Year of the Snake Draws Hisses

At The Wall Street Journal, Te-Ping Chen and Fiona Law describe Hong Kong’s lukewarm welcome for the Year of the Snake:

The coming year […] suffers because it is considered a “blind year,” meaning it won’t include the first day of spring. Because the Chinese use a lunar calendar, the first day of the new year typically falls between late January and mid-February. But spring always starts in early February—this year, on Feb. 4—while the Year of the Snake doesn’t begin until Feb. 10.
That means the Year of the Dragon had two first days of spring—one at the start and one at the end—while the Year of the Snake will have none.
For all of these reasons, wedding halls and maternity wards have been packed for the past year, in particular in recent months.
“We were almost restless, with wedding banquets almost every day between November and December, as clients were rushing to complete weddings during the Year of the Dragon,” said Sam Ip, spokeswoman for Chinese restaurant group Federal Restaurants Group Ltd., which has 16 outlets in Hong Kong. “We’ve seen fewer inquiries for the coming year, as it’s a blind year.”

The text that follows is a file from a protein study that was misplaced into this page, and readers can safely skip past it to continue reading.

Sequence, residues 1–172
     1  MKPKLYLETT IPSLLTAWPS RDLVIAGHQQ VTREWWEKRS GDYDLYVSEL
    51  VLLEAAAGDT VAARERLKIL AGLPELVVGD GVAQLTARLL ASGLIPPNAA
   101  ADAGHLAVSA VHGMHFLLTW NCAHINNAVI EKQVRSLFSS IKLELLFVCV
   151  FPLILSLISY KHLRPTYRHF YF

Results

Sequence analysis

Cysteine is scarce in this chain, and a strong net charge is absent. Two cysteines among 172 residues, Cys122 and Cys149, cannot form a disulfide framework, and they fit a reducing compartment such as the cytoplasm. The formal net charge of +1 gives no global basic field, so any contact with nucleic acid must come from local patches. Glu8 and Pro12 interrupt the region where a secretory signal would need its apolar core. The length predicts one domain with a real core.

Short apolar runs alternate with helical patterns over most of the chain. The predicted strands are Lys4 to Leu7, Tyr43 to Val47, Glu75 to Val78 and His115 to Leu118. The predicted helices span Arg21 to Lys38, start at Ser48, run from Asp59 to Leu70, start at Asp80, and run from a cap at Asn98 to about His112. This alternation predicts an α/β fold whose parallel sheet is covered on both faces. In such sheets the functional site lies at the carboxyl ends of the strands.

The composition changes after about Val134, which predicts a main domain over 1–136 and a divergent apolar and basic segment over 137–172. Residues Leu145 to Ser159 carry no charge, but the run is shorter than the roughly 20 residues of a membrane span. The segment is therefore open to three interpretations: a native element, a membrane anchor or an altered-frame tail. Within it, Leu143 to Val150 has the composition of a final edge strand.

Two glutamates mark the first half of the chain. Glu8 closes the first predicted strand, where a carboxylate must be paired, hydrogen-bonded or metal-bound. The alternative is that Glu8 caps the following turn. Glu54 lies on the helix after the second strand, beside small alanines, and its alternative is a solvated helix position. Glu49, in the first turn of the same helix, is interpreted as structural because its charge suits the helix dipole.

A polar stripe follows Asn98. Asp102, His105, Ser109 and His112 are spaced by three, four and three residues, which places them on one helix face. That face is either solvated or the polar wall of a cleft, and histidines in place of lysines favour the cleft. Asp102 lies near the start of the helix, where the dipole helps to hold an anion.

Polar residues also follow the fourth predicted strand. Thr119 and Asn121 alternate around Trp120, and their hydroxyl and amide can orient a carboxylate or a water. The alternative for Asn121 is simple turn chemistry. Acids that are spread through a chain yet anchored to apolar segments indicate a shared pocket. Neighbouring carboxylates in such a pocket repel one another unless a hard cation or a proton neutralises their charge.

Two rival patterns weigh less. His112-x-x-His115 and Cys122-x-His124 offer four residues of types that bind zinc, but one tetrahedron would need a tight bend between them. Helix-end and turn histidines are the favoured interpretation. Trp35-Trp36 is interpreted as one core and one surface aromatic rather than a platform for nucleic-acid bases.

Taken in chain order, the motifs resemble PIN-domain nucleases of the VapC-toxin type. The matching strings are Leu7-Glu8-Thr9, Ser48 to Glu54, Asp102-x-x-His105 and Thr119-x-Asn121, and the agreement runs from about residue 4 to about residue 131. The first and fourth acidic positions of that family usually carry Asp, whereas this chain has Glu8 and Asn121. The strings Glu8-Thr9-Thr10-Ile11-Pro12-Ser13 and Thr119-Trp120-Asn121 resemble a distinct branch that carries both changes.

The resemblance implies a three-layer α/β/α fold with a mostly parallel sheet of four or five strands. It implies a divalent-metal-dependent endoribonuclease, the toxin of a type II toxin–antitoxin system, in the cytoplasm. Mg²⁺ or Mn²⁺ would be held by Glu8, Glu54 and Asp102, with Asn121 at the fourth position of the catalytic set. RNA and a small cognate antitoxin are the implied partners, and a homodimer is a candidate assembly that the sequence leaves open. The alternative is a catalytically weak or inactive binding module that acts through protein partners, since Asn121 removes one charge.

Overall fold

It’s not just blindness and general uncuddliness that have dampened the Snake’s reception, as Geremie Barmé explains at The China Story:

A certain wariness surrounds the Snake, one of the twelve zoological signs of the traditional Chinese calendar, and not only because the reptile inspires fear and repulsion. The Chinese word ‘snake’ she 蛇 is homophonous with she 折 ‘to break’ or ‘lose’. Business people in particular regard the snake with some trepidation since she ben 折本, ‘diminished capital’, hardly chimes with the usual New Year’s benedictions to make money 发财 and enjoy good fortune 吉利. Even greater is the anxiety that things may start out

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